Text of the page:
Conflict in District 2: Democrat Robert Robuck vs. Pima County Supervisor Ramon Valadez

Jennifer Eckstrom was surprised to become a target of criticism by Democrat Robert Robuck as he campaigns to become the next District 2 Pima County supervisor

The world of politics is nothing new for the 31-year-old mayor of South Tucson; after all, her father is legendary South Tucson politico Dan Eckstrom. However, she’s never been caught in the middle of such campaign mudslinging.

Robuck, who is taking on incumbent Ramon Valadez, alleges a conflict of interest: Eckstrom works a full-time job as Valadez’s executive assistant, and Robuck feels that too much money is making its way from Pima County into South Tucson’s coffers.

Robuck in particular questions the possible mismanagement of funds allocated to the John Valenzuela Youth Center, and the amount of flood-control dollars going toward South Tucson’s park-maintenance efforts.

At the recent Nucleus Club debate, Robuck highlighted Eckstrom’s job in Valadez’s office, comparing it to Robuck hiring his own wife to work as his executive assistant.

Eckstrom, sitting in a back corner table with other Valadez staffers, shot back, “I’m not married to him.”

Eckstrom, who was elected to the South Tucson City Council at the age of 18 (becoming the youngest elected official in Arizona history), said she looks back at the Nucleus Club debate and regrets responding to Robuck.

“It just came out,” Eckstrom said. “But if there was any conflict Continue reading

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Robert Robuck: Voter Registration Form “Lost in the Mail”

Democrat Robert Robuck, who hopes that voters will back him over Pima County Supervisor Ramon Valadez in the Sept. 2 primary, has never voted in Pima County.

Robuck, who moved here from Sacramento, Calif., four years ago, says he tried to register once but the form must have been “lost in the mail.”

Robuck only registered to vote in Arizona earlier this year. He insists he always voted when he lived in California, but when he moved to Sahuarita with his family in 2004, he had other things on his mind.

Robuck was first busy building his home and caring for a sick relative. He says that when he finally finished building the house in 2006, he and his wife registered to vote by mail. When they went to vote in the February election, they discovered his wife was registered but he wasn’t.

“Then I postponed it and then I finally filled out the forms and went down to the (MVD) and then made sure I was registered so I could vote in this (upcoming) presidential election,” he says. “At that time I didn’t know I was going to run for office. It wasn’t until April when I threw in my name.”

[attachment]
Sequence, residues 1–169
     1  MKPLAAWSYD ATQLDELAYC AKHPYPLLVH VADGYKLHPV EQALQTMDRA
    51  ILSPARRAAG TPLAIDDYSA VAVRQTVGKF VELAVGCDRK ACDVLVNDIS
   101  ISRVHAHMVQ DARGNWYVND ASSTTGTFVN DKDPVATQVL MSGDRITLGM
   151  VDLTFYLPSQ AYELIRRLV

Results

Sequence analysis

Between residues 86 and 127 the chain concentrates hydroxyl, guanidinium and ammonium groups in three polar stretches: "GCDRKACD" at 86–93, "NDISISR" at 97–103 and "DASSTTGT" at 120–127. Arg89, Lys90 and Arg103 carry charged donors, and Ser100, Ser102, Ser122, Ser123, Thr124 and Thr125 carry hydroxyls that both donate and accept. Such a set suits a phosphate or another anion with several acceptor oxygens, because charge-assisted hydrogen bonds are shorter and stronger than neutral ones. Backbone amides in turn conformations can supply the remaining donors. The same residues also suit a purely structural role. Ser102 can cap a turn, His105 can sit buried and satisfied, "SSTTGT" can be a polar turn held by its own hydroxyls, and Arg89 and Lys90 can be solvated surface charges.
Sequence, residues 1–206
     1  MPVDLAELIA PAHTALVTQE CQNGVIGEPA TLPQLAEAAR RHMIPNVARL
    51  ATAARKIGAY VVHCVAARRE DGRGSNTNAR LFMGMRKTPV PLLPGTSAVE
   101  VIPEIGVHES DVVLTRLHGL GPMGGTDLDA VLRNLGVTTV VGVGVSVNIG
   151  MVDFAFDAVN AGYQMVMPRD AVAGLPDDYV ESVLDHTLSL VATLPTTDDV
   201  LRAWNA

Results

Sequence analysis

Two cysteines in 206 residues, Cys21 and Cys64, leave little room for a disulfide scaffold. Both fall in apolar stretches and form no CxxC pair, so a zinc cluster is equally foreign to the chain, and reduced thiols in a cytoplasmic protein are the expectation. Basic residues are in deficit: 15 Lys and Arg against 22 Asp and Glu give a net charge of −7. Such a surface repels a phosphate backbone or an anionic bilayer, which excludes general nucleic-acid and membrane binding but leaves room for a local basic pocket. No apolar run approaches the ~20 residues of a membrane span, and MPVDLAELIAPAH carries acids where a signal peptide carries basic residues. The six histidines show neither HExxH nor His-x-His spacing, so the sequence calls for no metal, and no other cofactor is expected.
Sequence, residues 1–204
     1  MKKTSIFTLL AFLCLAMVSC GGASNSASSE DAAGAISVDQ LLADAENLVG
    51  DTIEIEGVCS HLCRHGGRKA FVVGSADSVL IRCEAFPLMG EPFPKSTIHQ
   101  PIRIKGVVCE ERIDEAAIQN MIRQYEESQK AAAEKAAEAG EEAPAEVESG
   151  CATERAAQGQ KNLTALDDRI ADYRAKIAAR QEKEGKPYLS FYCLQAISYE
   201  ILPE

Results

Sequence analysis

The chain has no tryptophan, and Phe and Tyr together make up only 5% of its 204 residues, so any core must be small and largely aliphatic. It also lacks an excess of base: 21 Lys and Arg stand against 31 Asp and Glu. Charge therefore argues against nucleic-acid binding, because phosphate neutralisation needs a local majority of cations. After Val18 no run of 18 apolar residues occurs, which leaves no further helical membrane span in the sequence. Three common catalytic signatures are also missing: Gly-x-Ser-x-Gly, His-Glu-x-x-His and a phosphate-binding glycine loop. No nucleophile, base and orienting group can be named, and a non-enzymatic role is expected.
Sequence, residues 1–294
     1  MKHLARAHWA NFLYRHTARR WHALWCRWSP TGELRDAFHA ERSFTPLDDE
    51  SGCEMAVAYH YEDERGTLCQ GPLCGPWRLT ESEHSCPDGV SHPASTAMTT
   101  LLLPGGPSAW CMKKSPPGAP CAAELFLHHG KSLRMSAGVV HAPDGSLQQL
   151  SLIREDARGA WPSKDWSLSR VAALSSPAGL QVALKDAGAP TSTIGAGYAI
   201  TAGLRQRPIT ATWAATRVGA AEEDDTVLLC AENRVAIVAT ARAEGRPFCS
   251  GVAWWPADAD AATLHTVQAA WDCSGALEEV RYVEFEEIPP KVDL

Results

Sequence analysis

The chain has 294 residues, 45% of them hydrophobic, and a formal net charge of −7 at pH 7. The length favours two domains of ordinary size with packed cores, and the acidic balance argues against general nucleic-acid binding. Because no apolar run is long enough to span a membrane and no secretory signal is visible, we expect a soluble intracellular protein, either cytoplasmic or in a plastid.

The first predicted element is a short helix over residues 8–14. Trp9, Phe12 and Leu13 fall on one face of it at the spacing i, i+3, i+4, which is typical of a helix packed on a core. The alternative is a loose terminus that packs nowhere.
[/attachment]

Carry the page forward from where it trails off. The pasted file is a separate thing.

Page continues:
Robuck says friends have warned him not to say his first attempt to register to vote failed as a result of bad postal service.

“But it’s the truth,” he says. “It got lost in the mail.”

Nucleus Meltdown: A Not Quite LiveBlog of the Debate Between Democratic Candidates for the Pima County Board of Supervisors

Two incumbents on the Pima County Board of Supervisors, District 3’s Sharon Bronson and District 2’s Ramon Valadez, met their respective Democratic challengers, Donna Branch Gilby and Robert Robuck, at a meeting of the Pima County Democratic Party’s Nucleus Club last week. Supporters cheered and applauded; critics booed and hissed. Here’s a recap of the raucous caucus.

6:01 p.m.: Moderator Ash Silverberg introduces the candidates. Pima County Supervisor Ramon Valadez talks about growing up in Pima County and getting his start in politics when he interned for Dan Eckstrom, the previous District 2 supervisor and kingpin of southside politics. Valadez mentions that he also served in the Arizona Legislature and as an aide to Gov. Janet Napolitano. He says the county has made a lot of progress with conservation, sustainability and transportation. He gets big applause.

6:04 p.m.: Robert Robuck explains that he moved to Sahuarita from California because his wife grew up here. He says he got worried about local politics when he learned about plans to mine copper in the Santa Rita Mountains. Robuck decided to run for office when Valadez wouldn’t return his call regarding the mining proposal. He mentions that election integrity is a big issue in his campaign. The crowd goes wild with applause.

6:07 p.m.: Donna Branch-Gilby says she running against Bronson “because it was time to stop asking, stop lobbying, stop explaining about the necessity of really being sure we had an accurate election in a democracy and it was time to do something about it.”

Branch-Gilby gives props to Bronson for her work on the Sonoran Desert Conservation Plan before calling Bronson “the leading obstructionist” on the election-integrity issue. She also complains that Continue reading